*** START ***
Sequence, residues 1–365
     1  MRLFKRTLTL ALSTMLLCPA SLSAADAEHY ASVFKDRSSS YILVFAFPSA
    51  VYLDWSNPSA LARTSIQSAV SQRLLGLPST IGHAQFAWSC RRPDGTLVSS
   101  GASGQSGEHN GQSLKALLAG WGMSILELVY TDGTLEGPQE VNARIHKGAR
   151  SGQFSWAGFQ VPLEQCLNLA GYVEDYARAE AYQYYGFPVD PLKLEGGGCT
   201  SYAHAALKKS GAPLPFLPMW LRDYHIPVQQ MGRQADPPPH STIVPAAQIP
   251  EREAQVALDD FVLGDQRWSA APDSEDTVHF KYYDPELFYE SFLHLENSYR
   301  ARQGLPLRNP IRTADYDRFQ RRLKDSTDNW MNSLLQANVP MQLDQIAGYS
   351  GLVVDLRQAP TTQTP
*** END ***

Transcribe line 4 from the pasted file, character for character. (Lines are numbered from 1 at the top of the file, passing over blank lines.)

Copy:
   101  GASGQSGEHN GQSLKALLAG WGMSILELVY TDGTLEGPQE VNARIHKGAR